Unemployment hotspots: key issues for the 2010 Parliament
Unemployment has risen in all constituencies – but not equally
The recession has seen unemployment rise in every parliamentary constituency in the UK. Those with relatively high initial levels have often seen large, additional, absolute rises, while those with relatively low levels have seen them double or even treble. But the effect of rising unemployment is far from equal across the UK and, as some constituencies are starting to see unemployment levels fall, the situation is worsening in others.
Constituency-level Jobseeker's Allowance (JSA) claimant data is available every month and the Library provides analysis of this for Members in Unemployment by Constituency. JSA claimants are not a perfect measure of unemployment because, for example, not all those unemployed claim JSA, while some are not entitled to it. The measure differs from the standard ILO measure but it is the most timely available at a constituency level.
Over the last two years (March 2008 to March 2010), there have been over 2,000 more claimants in 23 different constituencies. The worst hit according to this measure is Leeds Central (up 3,012 claimants, a 74% rise). Five of the 23 constituencies are in Northern Ireland, with Mid Ulster standing out (up 2,090 claimants to 2,875). In these worst-hit constituencies, JSA claimant numbers have continued to rise over the last year. It should be noted that variations in constituency populations have not been taken into account in this analysis of absolute levels.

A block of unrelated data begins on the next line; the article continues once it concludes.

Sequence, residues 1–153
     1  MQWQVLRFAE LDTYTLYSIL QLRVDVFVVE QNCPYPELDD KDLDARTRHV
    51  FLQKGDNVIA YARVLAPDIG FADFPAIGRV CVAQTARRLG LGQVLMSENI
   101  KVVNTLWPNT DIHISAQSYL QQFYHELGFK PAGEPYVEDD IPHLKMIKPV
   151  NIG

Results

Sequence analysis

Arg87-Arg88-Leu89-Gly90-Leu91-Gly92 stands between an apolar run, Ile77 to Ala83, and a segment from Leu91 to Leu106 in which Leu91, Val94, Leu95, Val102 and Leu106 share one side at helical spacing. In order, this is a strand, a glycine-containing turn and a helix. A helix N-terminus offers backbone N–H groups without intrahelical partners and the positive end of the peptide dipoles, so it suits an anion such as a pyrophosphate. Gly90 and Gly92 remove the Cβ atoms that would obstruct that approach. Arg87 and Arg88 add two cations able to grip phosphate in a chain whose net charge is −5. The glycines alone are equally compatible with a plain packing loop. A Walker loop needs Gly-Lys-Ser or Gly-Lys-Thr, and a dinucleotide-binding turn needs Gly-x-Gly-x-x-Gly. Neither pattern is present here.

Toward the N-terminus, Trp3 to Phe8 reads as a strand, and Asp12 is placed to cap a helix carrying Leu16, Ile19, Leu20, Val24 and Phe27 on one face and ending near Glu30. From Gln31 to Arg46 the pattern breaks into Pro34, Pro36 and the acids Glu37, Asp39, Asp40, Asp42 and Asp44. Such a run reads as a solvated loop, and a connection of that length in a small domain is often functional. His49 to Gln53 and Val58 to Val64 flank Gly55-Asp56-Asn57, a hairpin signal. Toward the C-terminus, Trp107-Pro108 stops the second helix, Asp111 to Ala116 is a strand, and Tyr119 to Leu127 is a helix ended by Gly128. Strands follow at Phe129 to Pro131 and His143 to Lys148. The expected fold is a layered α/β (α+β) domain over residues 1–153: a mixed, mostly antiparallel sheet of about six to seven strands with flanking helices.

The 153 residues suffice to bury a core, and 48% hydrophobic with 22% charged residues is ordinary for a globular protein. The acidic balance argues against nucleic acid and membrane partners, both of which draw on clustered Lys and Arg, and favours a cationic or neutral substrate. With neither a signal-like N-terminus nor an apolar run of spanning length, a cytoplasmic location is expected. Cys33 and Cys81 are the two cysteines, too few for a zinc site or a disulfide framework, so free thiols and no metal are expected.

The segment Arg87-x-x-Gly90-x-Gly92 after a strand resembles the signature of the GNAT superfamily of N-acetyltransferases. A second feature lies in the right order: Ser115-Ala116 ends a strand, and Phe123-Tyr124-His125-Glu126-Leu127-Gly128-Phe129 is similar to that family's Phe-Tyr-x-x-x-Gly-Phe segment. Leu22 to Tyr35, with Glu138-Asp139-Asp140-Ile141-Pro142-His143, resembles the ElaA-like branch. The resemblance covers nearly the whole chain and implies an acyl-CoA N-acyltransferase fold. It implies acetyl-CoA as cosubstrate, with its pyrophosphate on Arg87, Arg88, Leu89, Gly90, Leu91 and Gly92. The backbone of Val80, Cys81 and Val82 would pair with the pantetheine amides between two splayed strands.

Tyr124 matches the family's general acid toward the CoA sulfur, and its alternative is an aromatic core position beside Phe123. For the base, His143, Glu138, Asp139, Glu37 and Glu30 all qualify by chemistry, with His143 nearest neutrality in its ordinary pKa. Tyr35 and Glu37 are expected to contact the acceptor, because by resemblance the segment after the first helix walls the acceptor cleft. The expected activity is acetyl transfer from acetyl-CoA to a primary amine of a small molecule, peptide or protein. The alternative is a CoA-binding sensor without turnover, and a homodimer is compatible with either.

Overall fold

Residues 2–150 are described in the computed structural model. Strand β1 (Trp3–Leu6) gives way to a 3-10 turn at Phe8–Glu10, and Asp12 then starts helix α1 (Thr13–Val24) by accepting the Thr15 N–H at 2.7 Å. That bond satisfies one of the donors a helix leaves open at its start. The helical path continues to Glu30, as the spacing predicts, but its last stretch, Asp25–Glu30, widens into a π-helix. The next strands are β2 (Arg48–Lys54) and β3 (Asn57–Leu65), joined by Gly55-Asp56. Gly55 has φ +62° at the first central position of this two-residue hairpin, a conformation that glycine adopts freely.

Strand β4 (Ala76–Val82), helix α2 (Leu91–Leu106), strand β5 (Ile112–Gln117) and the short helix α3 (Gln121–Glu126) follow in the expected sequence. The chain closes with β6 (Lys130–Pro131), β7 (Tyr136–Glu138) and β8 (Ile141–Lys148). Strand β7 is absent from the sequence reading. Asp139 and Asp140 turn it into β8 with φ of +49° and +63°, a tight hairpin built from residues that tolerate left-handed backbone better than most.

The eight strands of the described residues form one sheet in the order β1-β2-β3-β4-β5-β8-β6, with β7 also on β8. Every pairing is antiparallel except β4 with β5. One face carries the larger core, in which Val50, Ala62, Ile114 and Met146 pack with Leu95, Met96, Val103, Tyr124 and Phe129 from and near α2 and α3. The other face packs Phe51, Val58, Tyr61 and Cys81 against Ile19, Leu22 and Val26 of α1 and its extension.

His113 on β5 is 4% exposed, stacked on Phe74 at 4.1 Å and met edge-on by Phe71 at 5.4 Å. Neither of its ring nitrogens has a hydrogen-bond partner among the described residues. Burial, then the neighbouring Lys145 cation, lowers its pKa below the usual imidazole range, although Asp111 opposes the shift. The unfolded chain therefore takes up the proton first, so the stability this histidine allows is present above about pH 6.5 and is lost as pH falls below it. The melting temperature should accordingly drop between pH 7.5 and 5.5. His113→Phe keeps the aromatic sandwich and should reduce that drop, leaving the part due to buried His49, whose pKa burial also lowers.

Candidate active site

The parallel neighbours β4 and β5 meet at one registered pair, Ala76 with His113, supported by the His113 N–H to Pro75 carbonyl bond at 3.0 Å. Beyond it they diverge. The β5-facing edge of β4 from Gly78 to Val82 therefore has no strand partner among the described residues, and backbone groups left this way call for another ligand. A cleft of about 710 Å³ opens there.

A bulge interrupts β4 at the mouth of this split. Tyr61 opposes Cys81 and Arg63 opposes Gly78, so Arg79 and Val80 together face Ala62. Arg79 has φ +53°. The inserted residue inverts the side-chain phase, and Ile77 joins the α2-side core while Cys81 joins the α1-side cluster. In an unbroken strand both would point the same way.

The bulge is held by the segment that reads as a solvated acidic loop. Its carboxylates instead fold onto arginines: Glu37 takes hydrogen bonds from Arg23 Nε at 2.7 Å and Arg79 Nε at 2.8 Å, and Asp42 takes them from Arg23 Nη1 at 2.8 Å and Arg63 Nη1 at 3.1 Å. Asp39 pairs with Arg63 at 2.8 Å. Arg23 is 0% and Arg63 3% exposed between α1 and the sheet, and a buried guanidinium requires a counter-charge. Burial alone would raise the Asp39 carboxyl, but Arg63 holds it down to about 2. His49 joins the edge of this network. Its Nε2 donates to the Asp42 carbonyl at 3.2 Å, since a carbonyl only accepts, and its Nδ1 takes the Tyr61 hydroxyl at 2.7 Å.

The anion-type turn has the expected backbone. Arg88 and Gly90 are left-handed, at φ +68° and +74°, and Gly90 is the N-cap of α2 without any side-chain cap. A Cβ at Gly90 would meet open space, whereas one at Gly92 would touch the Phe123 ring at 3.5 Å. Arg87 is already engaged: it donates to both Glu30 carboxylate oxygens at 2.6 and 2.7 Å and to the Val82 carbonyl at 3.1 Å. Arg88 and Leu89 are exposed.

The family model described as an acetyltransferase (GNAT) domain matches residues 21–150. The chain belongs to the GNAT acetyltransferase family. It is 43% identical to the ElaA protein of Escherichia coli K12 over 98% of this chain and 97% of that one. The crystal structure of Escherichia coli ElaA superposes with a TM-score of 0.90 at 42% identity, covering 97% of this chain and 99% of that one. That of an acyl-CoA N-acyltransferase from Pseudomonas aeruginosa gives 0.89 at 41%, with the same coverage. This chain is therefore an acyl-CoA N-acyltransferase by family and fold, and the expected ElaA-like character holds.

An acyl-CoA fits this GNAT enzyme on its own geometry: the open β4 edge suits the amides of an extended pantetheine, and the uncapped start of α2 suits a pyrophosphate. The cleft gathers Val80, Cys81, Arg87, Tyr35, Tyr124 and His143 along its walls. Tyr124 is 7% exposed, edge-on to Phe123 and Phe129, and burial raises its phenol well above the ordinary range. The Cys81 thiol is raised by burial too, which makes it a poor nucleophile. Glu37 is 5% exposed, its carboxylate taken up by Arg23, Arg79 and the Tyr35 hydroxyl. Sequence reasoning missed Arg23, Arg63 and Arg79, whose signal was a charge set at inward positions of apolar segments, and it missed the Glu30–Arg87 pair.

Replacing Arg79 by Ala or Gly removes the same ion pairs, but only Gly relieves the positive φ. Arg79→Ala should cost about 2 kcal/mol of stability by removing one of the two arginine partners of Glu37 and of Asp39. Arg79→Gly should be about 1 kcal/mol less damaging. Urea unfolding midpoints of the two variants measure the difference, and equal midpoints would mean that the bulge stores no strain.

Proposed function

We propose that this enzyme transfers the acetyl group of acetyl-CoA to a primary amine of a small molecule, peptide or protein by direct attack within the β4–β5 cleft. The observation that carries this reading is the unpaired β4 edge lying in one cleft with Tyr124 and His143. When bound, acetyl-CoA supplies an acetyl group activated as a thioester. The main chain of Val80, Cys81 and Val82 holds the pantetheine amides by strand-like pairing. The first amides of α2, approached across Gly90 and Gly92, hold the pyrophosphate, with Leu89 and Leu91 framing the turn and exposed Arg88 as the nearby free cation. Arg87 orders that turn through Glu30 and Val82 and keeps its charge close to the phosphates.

Increases in claimant count levels have often been largest in constituencies where levels were already high
Another 129 constituencies have seen a rise of between 1,500 and 2,000 claimants, while a total of 401 have seen a rise of 1,000 or greater over the last two years. Those areas most affected can be identified on the map, including parts of London, the West Midlands, a band stretching from Liverpool to Hull, Glasgow, other urban areas and Northern Ireland. Many of these areas experienced relatively high unemployment levels prior to the recession.
Better performing constituencies
There are some exceptions: Cambridge, a hub for high-technology business, has seen the number of claimants rise by just 688 over the two years (60% up, compared to 92% nationally), while 186 constituencies have seen a fall in the number of claimants over the last year. Places such as South Northamptonshire and South Swindon have seen sharp rises start to reverse.
Consideration of data at constituency level demonstrates the unequal nature of the recovery. What is apparent is that some of the UK's most deprived areas have been both among the worst hit by the recession and among the slowest to recover.